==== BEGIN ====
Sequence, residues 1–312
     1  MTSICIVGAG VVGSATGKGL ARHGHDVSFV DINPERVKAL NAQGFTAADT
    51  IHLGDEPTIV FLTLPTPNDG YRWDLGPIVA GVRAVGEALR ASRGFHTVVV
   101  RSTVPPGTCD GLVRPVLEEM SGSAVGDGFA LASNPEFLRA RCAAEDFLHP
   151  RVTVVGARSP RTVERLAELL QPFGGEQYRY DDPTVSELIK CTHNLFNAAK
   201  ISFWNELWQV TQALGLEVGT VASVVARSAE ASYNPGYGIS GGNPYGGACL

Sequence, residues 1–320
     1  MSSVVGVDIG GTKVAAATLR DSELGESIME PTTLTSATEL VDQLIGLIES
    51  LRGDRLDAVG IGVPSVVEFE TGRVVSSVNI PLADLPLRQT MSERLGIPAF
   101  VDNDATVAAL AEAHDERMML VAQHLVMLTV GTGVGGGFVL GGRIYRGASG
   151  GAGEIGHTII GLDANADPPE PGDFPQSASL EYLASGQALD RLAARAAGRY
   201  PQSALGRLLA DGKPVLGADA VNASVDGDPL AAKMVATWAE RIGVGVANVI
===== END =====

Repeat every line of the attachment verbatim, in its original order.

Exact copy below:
Sequence, residues 1–312
     1  MTSICIVGAG VVGSATGKGL ARHGHDVSFV DINPERVKAL NAQGFTAADT
    51  IHLGDEPTIV FLTLPTPNDG YRWDLGPIVA GVRAVGEALR ASRGFHTVVV
   101  RSTVPPGTCD GLVRPVLEEM SGSAVGDGFA LASNPEFLRA RCAAEDFLHP
   151  RVTVVGARSP RTVERLAELL QPFGGEQYRY DDPTVSELIK CTHNLFNAAK
   201  ISFWNELWQV TQALGLEVGT VASVVARSAE ASYNPGYGIS GGNPYGGACL

Sequence, residues 1–320
     1  MSSVVGVDIG GTKVAAATLR DSELGESIME PTTLTSATEL VDQLIGLIES
    51  LRGDRLDAVG IGVPSVVEFE TGRVVSSVNI PLADLPLRQT MSERLGIPAF
   101  VDNDATVAAL AEAHDERMML VAQHLVMLTV GTGVGGGFVL GGRIYRGASG
   151  GAGEIGHTII GLDANADPPE PGDFPQSASL EYLASGQALD RLAARAAGRY
   201  PQSALGRLLA DGKPVLGADA VNASVDGDPL AAKMVATWAE RIGVGVANVI